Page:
experiences are rewarded to students who fit the non-relational cultural norms and criteria for success.
Building Community Among Women Engineering Students
In linking barriers associated with involvement and mattering to building community among women engineering students, it is first important to provide operational definitions of community. According to Hillery (1955) as cited in Johnson (1991), a community is "a group of individuals engaged in social interaction, possessing common interests and goals, who show concern for and are sensitive to the needs of other members, and are primarily interested in furthering the group goals over all others" (p. 3). In a similar vein, Schlossberg (1989) introduced the notion that "those working to build a sense of community through activities are challenged not only to understand why certain individuals get involved, thereby creating community among themselves, but also why others seem unable to establish connections or meaningful level of involvement." Many women engineering students feel isolated and may actively seek out opportunities to make connections with other women, and it is important that women in engineering advocates and educators are sensitive to their needs and facilitate such contacts. Other women engineering students may not be responsive to such initiatives and feel that they will be singled out or given preferential treatment because they are women, and they will be less likely to take advantage of such opportunities. Thus, Schlossberg (1989) challenges us to meet students where they are at and understand where they are coming from. In any case, the aforementioned barriers to involvement and mattering for women engineering students -- role conflict, limited resources, the chilly climate of engineering, and the devaluation of women's relational orientation -- can make community-building a particularly difficult challenge.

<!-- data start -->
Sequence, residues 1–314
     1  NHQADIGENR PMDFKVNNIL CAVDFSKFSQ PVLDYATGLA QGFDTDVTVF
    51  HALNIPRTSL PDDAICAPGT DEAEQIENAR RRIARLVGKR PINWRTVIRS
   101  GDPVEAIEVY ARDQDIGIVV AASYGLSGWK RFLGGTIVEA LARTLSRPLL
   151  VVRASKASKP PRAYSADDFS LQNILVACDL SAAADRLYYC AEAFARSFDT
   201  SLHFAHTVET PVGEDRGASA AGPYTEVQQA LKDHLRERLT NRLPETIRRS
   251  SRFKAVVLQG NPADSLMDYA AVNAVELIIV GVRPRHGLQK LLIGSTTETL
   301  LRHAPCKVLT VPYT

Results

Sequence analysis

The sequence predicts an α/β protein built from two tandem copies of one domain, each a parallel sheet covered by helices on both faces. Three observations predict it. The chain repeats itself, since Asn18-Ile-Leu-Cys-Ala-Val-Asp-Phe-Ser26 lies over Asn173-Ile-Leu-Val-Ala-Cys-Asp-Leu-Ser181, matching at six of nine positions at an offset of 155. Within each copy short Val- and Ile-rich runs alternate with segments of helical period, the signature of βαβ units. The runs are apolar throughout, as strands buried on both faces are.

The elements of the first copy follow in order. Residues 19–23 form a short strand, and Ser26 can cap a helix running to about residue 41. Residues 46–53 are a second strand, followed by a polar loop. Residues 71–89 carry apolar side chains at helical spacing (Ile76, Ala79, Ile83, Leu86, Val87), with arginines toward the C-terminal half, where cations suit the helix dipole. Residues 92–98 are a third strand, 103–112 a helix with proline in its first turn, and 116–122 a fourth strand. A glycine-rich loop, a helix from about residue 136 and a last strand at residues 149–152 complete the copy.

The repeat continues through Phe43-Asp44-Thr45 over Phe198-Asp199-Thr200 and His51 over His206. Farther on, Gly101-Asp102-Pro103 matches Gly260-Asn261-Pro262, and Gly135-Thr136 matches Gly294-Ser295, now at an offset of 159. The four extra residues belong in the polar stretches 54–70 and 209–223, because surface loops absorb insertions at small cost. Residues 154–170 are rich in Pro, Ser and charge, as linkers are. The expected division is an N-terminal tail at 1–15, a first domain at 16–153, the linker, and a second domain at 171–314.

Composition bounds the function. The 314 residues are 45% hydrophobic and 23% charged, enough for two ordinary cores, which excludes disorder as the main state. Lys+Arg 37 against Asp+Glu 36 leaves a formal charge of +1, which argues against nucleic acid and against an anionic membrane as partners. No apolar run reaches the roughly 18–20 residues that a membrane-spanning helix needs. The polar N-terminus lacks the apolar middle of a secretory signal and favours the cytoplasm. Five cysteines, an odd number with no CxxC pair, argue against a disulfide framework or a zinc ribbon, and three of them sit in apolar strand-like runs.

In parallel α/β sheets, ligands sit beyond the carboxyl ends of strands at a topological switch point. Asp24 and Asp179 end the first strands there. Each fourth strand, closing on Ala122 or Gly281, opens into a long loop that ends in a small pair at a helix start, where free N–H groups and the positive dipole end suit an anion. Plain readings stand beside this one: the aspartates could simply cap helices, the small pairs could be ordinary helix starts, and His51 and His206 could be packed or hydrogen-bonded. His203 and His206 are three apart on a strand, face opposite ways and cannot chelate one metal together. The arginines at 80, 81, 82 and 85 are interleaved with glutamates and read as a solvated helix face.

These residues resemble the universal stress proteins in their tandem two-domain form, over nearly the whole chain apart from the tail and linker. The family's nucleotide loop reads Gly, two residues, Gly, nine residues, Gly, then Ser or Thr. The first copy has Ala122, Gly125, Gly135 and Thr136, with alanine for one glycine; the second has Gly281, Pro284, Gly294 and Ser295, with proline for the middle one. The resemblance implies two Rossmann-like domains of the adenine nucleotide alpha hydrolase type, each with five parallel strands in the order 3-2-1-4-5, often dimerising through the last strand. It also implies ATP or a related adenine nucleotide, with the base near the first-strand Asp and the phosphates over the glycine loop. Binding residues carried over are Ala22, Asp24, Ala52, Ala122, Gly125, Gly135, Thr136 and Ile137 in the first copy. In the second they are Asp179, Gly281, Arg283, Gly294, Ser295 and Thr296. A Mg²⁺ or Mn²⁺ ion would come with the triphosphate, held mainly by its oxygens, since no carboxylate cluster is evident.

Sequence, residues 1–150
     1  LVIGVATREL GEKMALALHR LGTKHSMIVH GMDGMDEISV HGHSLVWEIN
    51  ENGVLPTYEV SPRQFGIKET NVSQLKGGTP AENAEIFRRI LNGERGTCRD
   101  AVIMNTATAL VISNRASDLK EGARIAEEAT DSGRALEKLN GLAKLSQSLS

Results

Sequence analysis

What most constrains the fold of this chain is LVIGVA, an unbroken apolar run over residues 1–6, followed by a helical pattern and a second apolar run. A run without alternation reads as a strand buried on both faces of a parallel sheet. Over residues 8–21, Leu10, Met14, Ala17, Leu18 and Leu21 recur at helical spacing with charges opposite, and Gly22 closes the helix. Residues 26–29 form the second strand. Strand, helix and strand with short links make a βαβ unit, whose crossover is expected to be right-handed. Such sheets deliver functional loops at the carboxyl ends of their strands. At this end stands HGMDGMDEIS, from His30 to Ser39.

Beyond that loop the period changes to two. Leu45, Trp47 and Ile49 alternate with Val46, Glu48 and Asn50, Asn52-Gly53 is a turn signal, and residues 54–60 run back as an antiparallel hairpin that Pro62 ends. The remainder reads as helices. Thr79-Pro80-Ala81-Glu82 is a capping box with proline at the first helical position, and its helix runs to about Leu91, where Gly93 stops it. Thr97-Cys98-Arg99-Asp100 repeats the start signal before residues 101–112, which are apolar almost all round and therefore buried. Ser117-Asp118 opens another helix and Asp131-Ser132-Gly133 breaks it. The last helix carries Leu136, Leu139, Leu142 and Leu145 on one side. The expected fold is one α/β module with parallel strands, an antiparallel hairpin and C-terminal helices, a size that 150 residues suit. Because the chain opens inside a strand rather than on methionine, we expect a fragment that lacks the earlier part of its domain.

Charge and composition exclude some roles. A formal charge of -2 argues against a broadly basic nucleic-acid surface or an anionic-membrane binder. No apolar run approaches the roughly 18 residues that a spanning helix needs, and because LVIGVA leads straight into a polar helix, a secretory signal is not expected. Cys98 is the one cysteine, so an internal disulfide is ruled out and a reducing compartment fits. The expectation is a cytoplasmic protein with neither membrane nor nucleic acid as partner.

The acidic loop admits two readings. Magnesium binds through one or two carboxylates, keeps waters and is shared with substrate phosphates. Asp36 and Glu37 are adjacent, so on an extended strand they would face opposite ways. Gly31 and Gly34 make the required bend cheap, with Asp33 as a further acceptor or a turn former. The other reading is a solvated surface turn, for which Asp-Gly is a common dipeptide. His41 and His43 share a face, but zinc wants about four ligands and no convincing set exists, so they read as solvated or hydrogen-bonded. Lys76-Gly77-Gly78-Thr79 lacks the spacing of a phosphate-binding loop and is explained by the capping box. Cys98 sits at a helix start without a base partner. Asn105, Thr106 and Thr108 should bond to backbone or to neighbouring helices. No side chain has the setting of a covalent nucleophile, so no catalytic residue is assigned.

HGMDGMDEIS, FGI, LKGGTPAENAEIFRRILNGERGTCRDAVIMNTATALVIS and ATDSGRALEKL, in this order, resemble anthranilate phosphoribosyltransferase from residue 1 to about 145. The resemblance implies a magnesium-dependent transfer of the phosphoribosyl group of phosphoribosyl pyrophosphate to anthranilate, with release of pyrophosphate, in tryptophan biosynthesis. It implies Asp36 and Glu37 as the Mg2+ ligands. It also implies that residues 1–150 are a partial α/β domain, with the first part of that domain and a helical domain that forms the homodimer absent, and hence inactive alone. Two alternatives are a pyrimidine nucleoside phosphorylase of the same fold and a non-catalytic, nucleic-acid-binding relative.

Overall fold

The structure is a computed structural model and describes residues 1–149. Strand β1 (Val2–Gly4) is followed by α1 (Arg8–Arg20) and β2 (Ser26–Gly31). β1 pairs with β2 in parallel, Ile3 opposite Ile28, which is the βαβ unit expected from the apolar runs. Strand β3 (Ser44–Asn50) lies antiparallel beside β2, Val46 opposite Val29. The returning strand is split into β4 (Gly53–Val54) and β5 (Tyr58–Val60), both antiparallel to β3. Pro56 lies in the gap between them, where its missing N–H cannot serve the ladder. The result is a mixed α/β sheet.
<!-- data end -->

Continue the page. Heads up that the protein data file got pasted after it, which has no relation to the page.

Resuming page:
In exploring the interrelated concepts of involvement, mattering, and community, it is apparent that one of the strategic goals of women in engineering programs and initiatives should be to dismantle barriers that hinder women students. In reintroducing the SPAR (Services, Programs, Advocacy, and Research) Model (Jacoby & Girrell, 1981) for program implementation, women in engineering programs can organize their initiatives and refine their focus in dismantling such barriers as a primary tenet of their structure, functioning, and mission. The SPAR Model was originally developed as a conceptual framework for implementing comprehensive programs for commuter students -- a group of college students who are less likely to be retained than those who reside on campus. The model can also be applied in the work of women in engineering advocates as a means of developing comprehensive programs and initiatives for undergraduate and graduate women engineering students. As cited in the 1995 WEPAN Data Book, there already exist numerous initiatives on college and university campuses that actively seek to foster involvement and community among women engineering students. The following four facets of the SPAR Model provide a holistic approach to implementing community-enhancing initiatives for women engineering students: Services, Programs, Advocacy, and Research.
Services: Services are functions that are performed for students, and it is integral that they are both appropriate for and accessible to students (Jacoby, 1991). Within the context of women in engineering programs, services provided may include job and scholarship listings; workshops on career development and graduate school; personal, academic, and career counseling; and opportunities for student employment. In this respect, fostering collaboration with campus resources such as the counseling center, career center, and the financial aid office is
extremely important. At the same time, one of the most important yet often overlooked facets of providing services is disseminating information about them, as students are often unaware of the institutional resources available. Distributing newsletters, compiling e-mail aliases of women students in various engineering departments, informing faculty of services, and collaborating with engineering student societies can be effective measures to achieve this end. Women in engineering advocates can serve as a vital link between students and the institution at large and facilitate important contacts that may not happen otherwise. Thus, women students see that the institution is responsive to their needs and that they actually "matter" to others.